If you were intrigued by how Christine Shine halved her electricity bill (Town & Country, March 10) at her Gloucestershire home, you may be tempted to follow her example. But is it really that simple? Anyone generating their own low-carbon electricity can, from April 1, be paid per unit of power they generate-even if they consume all of this electricity themselves. This is part of the Government’s drive to meet its targets for the proportion of the nation’s electricity that is provided by renewable sources.

These feed-in tariffs (FITs)-also known as clean energy cashback-are available to any household, business or community that generates electricity from solar photovoltaic (PV) panels, wind turbines, hydro, anaerobic digestion or micro-combined heat and power (micro-CHP). The tariffs come as tax-free income and the Government hopes that households, businesses and even small communities will install their own renewable-energy systems attracted by the returns available.

Secretary of State for Energy and Climate Change Ed Miliband believes that a typical domestic installation of a 2.5 kilowatt peak photovoltaic system could earn ‘the average household £900 each year and save £140 on its annual electricity bill, giving a return of 5%-8%’.

The Energy Savings Trust has calculated that a typical PV system requiring no loan finance will take 15 years to pay back and a wind system seven years. James Morgan, a solar expert at npower, concurs: ‘The extra financial benefit offered by FITs means that the payback period for a PV system has been reduced to about 15 years for a typical installation costing about £12,000.’

However, if the investor took out a loan to pay for the system, the payback times obviously recede further into the future-a loan charging 8% interest would result in it being 20 years for a PV system and 15 for a wind one before you break even. One snag, of course, is that, on average, a family will move every seven years.

The Government argues that having its own generator will make a property more valuable and saleable. Others are sceptical of this. Estate agent James Wyatt of Barton Wyatt, who has designed his own house, says: ‘My energy-conserving devices save me several thousands of pounds a year, but that will not be a deciding factor for any buyer of my house-it’s just a nice little bonus.’

The system of tariffs is complicated, with various bands of payment depending on the type of technology installed, the scale, and when it was installed. The smaller the scale, the greater the tariff (as small-scale installations are less efficient and so produce less). The tariff payments are fixed from when you enter the scheme, but are inflation-proofed, and for new installations will run for 25 years for solar, 20 for anaerobic digestion, hydro and wind and 10 years for micro-CHP.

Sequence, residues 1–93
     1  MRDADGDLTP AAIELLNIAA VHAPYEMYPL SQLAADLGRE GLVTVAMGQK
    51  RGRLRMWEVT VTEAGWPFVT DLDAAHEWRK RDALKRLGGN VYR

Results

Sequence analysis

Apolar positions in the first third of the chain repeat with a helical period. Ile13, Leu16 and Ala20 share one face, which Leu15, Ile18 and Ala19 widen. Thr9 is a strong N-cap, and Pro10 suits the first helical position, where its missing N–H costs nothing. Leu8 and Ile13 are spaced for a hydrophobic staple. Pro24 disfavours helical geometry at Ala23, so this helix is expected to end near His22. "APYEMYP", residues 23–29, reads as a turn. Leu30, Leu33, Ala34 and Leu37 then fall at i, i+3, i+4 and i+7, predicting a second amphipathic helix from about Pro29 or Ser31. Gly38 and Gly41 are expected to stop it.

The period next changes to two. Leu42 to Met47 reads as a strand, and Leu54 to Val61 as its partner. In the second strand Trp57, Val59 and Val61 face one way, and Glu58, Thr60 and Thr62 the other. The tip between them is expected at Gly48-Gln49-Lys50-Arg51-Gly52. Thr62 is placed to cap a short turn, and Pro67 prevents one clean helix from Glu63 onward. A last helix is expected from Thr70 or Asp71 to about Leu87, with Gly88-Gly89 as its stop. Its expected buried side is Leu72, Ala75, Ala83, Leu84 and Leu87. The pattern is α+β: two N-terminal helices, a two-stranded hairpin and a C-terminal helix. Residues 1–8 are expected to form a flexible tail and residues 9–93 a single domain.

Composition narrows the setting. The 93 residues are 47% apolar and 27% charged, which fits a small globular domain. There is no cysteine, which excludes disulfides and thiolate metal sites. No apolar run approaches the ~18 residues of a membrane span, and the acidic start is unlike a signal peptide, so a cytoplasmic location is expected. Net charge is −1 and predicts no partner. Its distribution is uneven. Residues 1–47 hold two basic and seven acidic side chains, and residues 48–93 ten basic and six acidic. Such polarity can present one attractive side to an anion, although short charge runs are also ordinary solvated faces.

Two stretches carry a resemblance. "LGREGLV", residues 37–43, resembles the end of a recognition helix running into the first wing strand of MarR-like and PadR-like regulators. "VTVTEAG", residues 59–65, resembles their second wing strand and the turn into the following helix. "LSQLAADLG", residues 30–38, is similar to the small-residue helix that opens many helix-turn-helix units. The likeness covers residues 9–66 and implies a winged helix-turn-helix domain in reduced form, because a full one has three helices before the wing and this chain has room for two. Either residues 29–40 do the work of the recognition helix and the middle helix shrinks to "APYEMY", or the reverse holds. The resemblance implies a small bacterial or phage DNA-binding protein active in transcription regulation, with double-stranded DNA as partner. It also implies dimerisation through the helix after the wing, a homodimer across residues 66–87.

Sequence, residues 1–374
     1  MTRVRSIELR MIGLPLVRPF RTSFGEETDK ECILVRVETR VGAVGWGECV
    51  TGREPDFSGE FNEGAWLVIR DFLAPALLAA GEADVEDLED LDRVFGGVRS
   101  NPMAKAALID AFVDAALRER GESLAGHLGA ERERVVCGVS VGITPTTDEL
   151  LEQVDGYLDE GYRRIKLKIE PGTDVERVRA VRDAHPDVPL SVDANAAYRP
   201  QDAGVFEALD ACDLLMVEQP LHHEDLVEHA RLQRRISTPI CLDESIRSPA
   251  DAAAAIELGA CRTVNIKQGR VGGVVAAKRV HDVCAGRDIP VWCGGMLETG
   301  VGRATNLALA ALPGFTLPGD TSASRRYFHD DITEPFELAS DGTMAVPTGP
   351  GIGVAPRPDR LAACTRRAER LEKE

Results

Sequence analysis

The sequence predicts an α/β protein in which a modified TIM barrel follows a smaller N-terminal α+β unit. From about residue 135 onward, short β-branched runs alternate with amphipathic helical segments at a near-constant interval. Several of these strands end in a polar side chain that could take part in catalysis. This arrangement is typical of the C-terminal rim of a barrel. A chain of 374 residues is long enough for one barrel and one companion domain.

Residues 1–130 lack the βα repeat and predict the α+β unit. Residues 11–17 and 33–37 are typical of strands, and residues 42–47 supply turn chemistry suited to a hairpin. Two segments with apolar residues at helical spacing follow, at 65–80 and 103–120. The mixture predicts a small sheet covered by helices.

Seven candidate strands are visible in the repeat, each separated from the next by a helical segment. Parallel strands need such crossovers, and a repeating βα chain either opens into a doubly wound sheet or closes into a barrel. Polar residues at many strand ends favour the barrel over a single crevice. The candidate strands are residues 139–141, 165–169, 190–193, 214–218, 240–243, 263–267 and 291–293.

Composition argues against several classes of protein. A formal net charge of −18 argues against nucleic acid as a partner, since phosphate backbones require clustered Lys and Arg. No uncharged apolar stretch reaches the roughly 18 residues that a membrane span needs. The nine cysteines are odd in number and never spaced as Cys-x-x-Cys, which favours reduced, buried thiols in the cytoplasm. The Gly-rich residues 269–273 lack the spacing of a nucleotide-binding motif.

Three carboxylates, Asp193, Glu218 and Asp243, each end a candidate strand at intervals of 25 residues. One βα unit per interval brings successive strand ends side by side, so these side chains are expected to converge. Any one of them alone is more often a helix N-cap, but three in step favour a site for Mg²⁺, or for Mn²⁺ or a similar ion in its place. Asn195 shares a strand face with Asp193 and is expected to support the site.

The present tariffs are fixed for anyone entering the scheme before April 2012. For anyone entering the scheme after this, the tariff levels fall for wind and solar schemes, although those for other technologies remain the same. This is because it’s hoped that demand for solar and wind technologies will reduce the cost of their installation, necessitating a smaller incentive.

The FITs scheme is to encourage new installations, rather than rewarding existing users, so those who installed a system before July 15, 2009, will receive much lower payments of 9p per unit regardless of technology or scale, and this tariff runs until 2027. If your system was installed before July 15, 2009, and is accredited under the previous Renewables Obligation (RO) scheme, then you will be automatically transferred onto the FITs scheme in April. If you aren’t accredited under the RO, then you must get accreditation before March 31 to be eligible for FITs.

If you wish to install a gene-rator and join the scheme, you need to use an accredited installer to install a technology approved by the Microgeneration Certification Scheme (www.microgenerationcertification.org) run by Gemserv. Once registered, the owner will then be paid for the set period, through their electricity supplier, for the renewable power they generate, with an extra 3p per unit paid for any surplus power exported to the grid.

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